WHO faces backlash as it advocates for traditional medicine
UN body calls for countries to assess how to integrate traditional medicine into their health systems.
The World Health Organization on Thursday called for countries to integrate traditional and complementary medicine into their national health systems, despite significant criticism over its support of practices that some experts see as pseudoscience.
“Traditional medicine has made enormous contributions to human health, and has enormous potential,” said WHO Director General Tedros Adhanom Ghebreyesus at the WHO Traditional Medicine Global Summit today in India.
The head of the U.N. health body said that traditional medicine was “not a thing of the past,” adding that there was growing demand for it and it was important for preventing and treating non-communicable diseases. “We urge all countries to commit to examining how best to integrate traditional and complementary medicine into their national health systems,” he said.
Complementary and alternative medicines are not routinely reimbursed by health insurers, with a 2020 study finding that in Europe, countries such as Sweden, Denmark and Norway reimbursed a greater number of these treatments compared to Poland, Hungary and the Czech Republic.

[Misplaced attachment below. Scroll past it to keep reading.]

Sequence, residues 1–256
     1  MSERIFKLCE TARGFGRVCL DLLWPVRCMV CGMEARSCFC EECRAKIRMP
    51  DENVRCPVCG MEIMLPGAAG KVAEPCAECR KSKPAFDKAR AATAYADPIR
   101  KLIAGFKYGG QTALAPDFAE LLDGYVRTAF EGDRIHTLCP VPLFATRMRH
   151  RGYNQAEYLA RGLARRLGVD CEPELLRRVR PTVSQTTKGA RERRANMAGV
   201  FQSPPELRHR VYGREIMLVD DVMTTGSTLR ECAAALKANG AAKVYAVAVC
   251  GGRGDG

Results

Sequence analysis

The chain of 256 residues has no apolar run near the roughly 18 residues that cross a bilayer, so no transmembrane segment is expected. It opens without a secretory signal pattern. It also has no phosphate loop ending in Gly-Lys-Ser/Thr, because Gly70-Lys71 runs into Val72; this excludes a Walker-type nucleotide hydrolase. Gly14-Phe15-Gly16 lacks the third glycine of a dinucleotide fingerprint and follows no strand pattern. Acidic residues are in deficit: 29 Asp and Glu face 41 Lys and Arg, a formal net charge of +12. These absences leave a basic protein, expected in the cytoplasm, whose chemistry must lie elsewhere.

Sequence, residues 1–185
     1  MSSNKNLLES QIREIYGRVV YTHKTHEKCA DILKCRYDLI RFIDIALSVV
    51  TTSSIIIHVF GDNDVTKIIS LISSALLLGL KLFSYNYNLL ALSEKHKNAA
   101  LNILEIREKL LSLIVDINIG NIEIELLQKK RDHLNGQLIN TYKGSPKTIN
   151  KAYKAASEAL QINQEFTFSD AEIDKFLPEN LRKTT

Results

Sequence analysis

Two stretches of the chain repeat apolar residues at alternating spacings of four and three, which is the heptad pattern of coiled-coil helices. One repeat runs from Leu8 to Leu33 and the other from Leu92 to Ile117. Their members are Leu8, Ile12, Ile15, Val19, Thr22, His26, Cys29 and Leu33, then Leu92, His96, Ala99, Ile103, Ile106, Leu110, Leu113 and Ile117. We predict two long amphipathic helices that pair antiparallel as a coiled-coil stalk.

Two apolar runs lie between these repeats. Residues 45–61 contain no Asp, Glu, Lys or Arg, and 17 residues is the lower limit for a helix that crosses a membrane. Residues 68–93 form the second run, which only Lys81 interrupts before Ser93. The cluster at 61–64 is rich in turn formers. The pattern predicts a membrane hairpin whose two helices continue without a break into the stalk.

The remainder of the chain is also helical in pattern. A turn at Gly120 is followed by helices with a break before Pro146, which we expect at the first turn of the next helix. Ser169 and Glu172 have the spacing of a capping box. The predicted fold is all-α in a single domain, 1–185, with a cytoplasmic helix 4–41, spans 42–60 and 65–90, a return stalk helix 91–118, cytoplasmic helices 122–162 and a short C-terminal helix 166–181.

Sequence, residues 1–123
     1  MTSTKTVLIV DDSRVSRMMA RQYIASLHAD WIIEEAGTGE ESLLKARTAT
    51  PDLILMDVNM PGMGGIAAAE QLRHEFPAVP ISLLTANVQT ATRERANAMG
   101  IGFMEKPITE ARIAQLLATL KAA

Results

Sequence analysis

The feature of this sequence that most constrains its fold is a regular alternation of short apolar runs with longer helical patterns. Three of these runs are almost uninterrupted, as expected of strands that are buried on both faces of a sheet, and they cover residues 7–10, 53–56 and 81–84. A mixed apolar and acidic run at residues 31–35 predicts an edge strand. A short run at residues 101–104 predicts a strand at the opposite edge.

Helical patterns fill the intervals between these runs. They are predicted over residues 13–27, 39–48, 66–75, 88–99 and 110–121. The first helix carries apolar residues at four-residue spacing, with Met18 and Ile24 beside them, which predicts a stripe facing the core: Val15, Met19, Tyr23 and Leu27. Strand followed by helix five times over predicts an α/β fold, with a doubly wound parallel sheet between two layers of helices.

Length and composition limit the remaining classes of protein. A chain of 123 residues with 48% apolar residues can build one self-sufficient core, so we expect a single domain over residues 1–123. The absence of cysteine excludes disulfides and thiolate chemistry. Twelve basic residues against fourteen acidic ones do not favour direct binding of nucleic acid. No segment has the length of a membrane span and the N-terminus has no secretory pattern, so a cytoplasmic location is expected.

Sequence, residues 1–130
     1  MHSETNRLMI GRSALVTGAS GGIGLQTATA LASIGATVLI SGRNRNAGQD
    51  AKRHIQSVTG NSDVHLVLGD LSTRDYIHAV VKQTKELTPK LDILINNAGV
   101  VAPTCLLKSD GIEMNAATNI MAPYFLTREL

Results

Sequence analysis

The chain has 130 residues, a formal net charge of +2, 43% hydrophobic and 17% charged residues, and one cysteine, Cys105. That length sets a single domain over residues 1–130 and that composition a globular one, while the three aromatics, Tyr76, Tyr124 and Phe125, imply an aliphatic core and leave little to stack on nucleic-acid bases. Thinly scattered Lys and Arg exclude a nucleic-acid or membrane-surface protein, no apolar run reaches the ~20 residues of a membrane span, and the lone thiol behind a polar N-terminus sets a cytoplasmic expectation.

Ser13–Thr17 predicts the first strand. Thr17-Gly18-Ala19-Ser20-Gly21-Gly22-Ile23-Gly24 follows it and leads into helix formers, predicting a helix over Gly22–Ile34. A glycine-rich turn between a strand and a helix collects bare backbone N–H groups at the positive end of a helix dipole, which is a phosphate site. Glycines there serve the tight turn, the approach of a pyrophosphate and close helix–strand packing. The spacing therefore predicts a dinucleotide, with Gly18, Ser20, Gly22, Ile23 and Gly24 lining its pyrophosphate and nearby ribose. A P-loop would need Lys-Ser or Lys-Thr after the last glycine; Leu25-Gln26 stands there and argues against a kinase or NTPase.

The summit was held parallel to the ongoing G20 health ministers' meeting, in India, with Spain — which currently holds the Council Presidency — saying that it will “exchange experiences and discuss the contribution of traditional medicine to health and sustainable development.”
As a member-led organization, the countries that are part of the WHO set its agenda and with 170 of the organization's 194 members reporting the use of traditional medicines, as well as WHO countries approving an official strategy for traditional medicines, the organization is obliged to work in this area.
But that hasn’t stopped a barrage of criticism from experts and the public over the WHO’s stance. In a series of posts on X, the platform formerly known as Twitter, the WHO set out how traditional medicine had been the backbone of some important scientific advances.
One post asked readers which traditional medicines they had used and included a list that featured homeopathy and naturopathy. That post, viewed by 3.5 million people as of August 17, had over 2,000 quotes, with many calling out the organization for promoting “pseudoscience” and in particular, taking issue with the promotion of homeopathy.
“Seriously Seriously, @WHO? Homeopathy is *not* #TraditionalMedicine! It’s quackery that was invented by a German just ~225 years ago," wrote David Gorksi, a surgical oncologist who edits the website Science-based Medicine.
Responding to the feedback on that post, the WHO said that they “agree that this message could have been better articulated.”
“Our work aims to bring evidence and scientific validation around traditional medicine so that millions of people around the world who use complementary and traditional medicine understand whether it’s safe and effective and are better protected,” said the WHO. “When scientifically validated, traditional medicine has the potential to bridge access gaps for millions around the world.”